Considered as one of the most conservative decades in recent memory the 1950s were a time when technology underwent a dramatic evolution.

It was less than a decade after the second World War and science was in its element; technology that had only been postulated and pondered was suddenly becoming reality.

The microchip, the modem and the personal computer popped into existence and changed the world. It sounds dramatic but can you imagine if the microchip did not exist today? Say goodbye to your iPhone.

In this decade, two men solved the integrated circuit puzzle and now corporate giants like Intel, IBM and Toshiba are galloping head first towards 0.01nm technology.

How much have these technologies changed since they began?

1. The first microchip/integrated circuit

Looking a lot like the slightly dishevelled uncle that gets drunk at family parties, the first microchip bears little resemblance to its modern equivalent. Jack Kilby of Texas Instruments and Robert Noyce of the Fairchild Semiconductor Corporation (he also co-founded Intel) are credited as being co-founders of the first integrated circuit, in spite of the fact that their creations were six months apart.

Where Jack Kilby managed to develop the first working model in 1958, Robert Noyce's version had some necessary improvements – such as the use of silicon instead of germanium and interconnecting the components efficiently. The first commercially viable microchips were released by the Fairchild Semiconductor Corporation in 1961 and were about the size of your baby finger.

They consisted of one transistor, three resistors and one capacitor, a far cry from the tiny chip of today that can hold 125 million transistors.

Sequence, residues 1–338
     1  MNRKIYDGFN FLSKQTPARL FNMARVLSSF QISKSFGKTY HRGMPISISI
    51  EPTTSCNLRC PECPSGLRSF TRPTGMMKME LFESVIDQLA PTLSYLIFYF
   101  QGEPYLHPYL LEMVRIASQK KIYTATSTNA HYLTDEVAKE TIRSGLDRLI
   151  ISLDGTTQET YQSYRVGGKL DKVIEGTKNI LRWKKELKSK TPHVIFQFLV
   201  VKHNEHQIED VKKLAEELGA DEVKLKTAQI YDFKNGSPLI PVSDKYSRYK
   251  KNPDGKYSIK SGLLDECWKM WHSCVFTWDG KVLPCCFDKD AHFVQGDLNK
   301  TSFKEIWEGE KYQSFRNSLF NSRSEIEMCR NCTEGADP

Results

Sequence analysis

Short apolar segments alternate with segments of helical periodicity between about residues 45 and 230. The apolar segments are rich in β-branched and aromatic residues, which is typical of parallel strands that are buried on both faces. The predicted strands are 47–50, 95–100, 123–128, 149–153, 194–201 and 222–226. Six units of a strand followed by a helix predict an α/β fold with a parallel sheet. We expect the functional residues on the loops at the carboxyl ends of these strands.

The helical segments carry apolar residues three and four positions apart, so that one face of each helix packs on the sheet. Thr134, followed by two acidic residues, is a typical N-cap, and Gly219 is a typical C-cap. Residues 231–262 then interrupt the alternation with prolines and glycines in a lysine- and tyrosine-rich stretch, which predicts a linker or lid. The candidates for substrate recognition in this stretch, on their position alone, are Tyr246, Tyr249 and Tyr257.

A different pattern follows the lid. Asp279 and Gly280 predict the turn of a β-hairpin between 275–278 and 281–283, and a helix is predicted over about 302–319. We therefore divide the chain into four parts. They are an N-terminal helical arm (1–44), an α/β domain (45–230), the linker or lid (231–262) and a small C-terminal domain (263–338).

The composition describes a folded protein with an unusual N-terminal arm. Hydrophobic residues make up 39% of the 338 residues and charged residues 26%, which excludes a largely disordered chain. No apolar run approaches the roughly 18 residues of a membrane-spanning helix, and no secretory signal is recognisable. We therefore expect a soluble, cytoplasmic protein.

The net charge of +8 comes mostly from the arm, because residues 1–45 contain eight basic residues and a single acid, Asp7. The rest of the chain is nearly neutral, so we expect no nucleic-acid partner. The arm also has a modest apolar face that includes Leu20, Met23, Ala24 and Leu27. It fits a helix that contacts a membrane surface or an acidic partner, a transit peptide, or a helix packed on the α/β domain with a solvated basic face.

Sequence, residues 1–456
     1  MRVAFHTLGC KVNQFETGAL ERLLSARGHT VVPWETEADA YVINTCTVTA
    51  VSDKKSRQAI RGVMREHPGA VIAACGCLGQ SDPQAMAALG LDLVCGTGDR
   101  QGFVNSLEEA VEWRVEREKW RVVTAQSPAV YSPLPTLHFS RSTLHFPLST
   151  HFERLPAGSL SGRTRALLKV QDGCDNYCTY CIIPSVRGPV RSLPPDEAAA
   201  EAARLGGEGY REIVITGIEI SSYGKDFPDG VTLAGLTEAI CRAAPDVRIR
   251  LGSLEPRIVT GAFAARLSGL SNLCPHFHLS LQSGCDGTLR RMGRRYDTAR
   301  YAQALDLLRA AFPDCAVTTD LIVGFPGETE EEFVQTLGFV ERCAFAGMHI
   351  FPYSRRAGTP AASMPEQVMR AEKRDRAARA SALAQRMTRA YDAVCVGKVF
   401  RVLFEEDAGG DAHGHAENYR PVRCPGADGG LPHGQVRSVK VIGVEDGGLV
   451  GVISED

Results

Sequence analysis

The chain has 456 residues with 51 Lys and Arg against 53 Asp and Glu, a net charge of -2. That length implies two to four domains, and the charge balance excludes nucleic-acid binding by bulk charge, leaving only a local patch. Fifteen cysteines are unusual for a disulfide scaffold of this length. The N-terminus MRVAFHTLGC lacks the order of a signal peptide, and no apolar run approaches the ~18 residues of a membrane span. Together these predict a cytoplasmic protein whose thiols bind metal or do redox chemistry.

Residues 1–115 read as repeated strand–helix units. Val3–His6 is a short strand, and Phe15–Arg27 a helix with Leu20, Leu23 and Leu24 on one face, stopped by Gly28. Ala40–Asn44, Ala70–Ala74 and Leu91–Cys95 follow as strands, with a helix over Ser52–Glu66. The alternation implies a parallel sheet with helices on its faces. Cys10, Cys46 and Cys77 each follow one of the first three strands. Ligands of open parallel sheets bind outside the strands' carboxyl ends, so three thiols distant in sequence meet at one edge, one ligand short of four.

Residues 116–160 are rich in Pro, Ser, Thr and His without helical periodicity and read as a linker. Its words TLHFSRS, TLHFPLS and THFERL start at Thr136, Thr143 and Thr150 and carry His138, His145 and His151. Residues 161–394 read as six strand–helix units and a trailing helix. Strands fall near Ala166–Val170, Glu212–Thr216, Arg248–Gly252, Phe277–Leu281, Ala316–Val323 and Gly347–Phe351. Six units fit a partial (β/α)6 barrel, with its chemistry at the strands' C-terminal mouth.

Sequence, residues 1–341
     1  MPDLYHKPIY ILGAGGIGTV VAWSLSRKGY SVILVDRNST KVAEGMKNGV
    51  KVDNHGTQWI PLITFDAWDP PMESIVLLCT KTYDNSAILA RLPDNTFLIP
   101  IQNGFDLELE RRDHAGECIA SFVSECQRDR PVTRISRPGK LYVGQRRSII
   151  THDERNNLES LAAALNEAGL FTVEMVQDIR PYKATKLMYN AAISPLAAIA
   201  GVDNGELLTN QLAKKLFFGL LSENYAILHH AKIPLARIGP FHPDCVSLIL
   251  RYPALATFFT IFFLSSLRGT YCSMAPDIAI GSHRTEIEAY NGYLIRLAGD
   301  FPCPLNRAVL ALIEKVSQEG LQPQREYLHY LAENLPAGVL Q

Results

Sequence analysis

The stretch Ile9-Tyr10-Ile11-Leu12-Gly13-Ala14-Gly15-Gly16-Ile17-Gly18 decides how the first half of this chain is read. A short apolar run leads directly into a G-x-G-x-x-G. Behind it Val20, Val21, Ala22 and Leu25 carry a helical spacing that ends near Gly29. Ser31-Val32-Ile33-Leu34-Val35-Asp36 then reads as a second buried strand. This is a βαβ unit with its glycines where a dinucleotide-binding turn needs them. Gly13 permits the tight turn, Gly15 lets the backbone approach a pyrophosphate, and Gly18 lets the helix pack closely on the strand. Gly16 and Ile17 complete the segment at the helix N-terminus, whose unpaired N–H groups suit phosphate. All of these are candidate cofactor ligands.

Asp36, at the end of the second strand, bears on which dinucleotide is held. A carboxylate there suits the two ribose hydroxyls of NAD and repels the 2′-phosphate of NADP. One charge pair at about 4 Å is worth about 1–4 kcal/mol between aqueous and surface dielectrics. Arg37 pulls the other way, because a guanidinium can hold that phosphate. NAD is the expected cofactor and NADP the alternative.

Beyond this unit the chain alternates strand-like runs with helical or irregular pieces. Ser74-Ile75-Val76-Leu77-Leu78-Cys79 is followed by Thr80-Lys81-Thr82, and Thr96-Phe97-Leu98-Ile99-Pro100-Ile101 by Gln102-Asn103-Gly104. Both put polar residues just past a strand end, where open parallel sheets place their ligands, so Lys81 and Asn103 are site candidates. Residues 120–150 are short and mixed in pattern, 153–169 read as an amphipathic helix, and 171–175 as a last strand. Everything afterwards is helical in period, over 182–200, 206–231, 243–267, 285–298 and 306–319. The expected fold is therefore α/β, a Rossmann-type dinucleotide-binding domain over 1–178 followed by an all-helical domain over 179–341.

The first microchip

FIRST CHIP: It's hard to believe that this innocuous design changed the face of computing forever [Image: Texas Instruments]

2. The first stored program computer

This brings us to the very first stored program computer, EDSAC. While sitting just outside the boundaries of the 1950s in that it delivered its very first computation in 1949, it was in the 1950s that modifications to this computer made history.

The Electronic Delay Storage Automatic Calculator (EDSAC) was one of the first British computers and the LEO 1 (Lyons Electronic Office 1), built by J. Lyons and Co, was the first computer used for business applications devised on the EDSAC model.

EDSAC used mercury delay lines for memory and derated vacuum tubes for logic. Information was input using 5-hole punched tape and output was spat out by a teleprinter. David Wheeler, the man who received the first ever Computer Science PhD, invented the subroutine with EDSAC and co-wrote the first book on programming in 1951.

However, the best part, in 1952 A S Douglas created OXO, noughts and crosses, for the EDSAC with graphical output to a cathode ray tube. This is believed to have been the world's first video game to use a digital graphic display. It's a far cry from the gaming laptop of today. Or home PC. Or desktop.

EDSAC

NOT A NETBOOK: EDSAC is about the size of a small house, with tubes that are over five feet long [Image: Computer Laboratory, University of Cambridge]